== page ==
The piles must go through "the bog level, the organic level [and] any kind of fill material -- debris that's not suitable for bearing a new foundation on," he said. "We have to get down to undisturbed sand soil."

Costs of elevation

Elevation costs for a modestly sized home, of 1,200 to 1,500 square feet, probably would be "no less than $80,000," Hughes said. That price includes the lifting of the home, installing helical piles, installing a new foundation and a new floor, and setting the house down on the raised foundation.

On top of that is the cost of connecting electric, plumbing and sewer lines, as well as any renovation work needed inside the home, he and others said.

"I'm having helical piles put in because of the bog," said Bob Platin of Bayport. Hughes Brothers earlier this month installed the piles at his home, which took on 30 inches of water from Sandy's storm surge.

"It would be unwise to build a new foundation, an even heavier foundation," he said, because "bog is unstable." The total cost of lifting his house -- it will be 4 feet, 8 inches higher -- installing the piles, taking out the old foundation and putting in a new one, and other work will be about $110,000.

Timber piles are another option. But a house must be lifted and moved from its "footprint" so the piles can be driven in, and many South Shore lots don't have the space for such maneuvering, Bouler said. Installation of helical piles is done beneath a structure that has been raised and is resting on wooden supports called cribbages, without moving it elsewhere.

While those who live near the water have long been aware of flood-prone areas, Sandy's devastation laid bare the consequence of almost a century of development in the marshlands of Massapequa, Lindenhurst, Patchogue, Babylon, Mastic and other communities where bog and fill are found.

Caitlin Young, a doctoral candidate in geosciences at Stony Brook University, has studied the soil composition of Patchogue, Shirley and Mastic. Sediment core logs of those areas found peat and fill.

"The marshy wetland forms a layer of peat on the bottom, which is spongy. Above is cut and fill, which is a bit solid. Then you put a house on top of that, and therein lies the problem," Young said, noting settling issues that can occur from compromised foundations.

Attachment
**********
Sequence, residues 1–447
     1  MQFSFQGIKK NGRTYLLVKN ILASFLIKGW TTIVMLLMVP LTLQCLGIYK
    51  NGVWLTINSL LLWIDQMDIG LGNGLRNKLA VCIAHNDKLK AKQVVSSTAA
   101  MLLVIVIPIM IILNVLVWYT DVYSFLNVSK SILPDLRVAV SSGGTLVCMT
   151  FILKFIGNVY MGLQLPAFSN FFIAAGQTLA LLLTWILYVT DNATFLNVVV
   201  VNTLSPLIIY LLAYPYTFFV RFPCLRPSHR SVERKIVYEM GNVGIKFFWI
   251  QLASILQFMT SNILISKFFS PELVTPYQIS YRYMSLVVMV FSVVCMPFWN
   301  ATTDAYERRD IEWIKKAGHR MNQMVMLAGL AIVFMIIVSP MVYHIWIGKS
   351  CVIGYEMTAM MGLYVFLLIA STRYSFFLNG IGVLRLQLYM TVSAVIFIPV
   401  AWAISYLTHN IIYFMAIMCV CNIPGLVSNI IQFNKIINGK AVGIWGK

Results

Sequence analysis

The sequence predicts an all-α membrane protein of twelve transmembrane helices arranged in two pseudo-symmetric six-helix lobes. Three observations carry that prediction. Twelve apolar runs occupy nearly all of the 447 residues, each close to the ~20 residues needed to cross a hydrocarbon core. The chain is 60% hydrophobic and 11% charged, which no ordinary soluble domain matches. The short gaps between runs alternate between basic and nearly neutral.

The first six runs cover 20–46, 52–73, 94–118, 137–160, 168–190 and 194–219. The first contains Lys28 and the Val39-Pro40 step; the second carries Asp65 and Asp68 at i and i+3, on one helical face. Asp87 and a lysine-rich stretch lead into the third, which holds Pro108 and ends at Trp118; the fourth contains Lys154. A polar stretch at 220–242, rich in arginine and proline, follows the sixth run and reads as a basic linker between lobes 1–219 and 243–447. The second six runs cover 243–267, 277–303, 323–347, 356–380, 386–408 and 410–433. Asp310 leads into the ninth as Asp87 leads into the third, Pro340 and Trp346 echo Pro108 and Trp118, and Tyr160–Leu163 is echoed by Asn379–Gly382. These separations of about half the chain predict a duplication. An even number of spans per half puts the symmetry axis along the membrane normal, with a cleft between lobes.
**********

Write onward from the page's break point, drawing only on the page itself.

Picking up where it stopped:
Bouler said the 1920s-era bungalows in Lindenhurst that he's seen didn't have deep foundations. "They simply dug a trench into the dirt and poured a footing," he said. "And what that means is that the bottom of the footing is only 8 inches below grade."

After World War II came housing developments built on former wetlands -- what former longtime Suffolk County planning director Lee Koppelman calls "fill-and-build policies" -- and construction of canals that offered the opportunity of waterfront homes featuring boat docks and piers.

"Dredging projects dumped the dredge spoils on the former swamp areas, land people got cheaply," said Koppelman, executive director of Stony Brook University's Center for Regional Policy Studies, who has chronicled the Island's development for more than five decades.

History of LI's development

He recalled homeowners in one Lindenhurst development calling the planning department in the 1960s to complain of grass sprouting through their foundations.

"The [marsh] grasses would pop their way right through concrete floors if there was any crack whatsoever," Koppelman said.

George Kirchmann, vice president of the Historical Society of the Massapequas, also remembered the area's booming development in the 1950s and 1960s.

"A lot of the area down there, especially six or seven blocks from the water, is fill. Dirt was dug out of the Great South Bay and put in the swampy area and let sit for a year." Kirchmann said houses were built on top of it.

"Nobody thought much about water damage in the future because it never happened before," he said. "Of course there weren't any houses down there [before the dredging], so it was a self-fulfilling prophecy."

Nicole P. Maher, senior coastal scientist with The Nature Conservancy of Long Island, said the Island lost more than one-third of its natural wetland acreage -- and possibly much more -- to development.

Wetlands have valuable functions, she pointed out: providing physical protection for the coastline from storms, protecting the quality of coastal waters by filtering out excess nutrients and contaminants, and helping sustain a "vibrant ecosystem."

"We used to think of wetlands as soggy, disease-ridden places of low value. That's why they were ditched and drained and filled in, so we could develop on top of them," she wrote in an email. "Now we know better."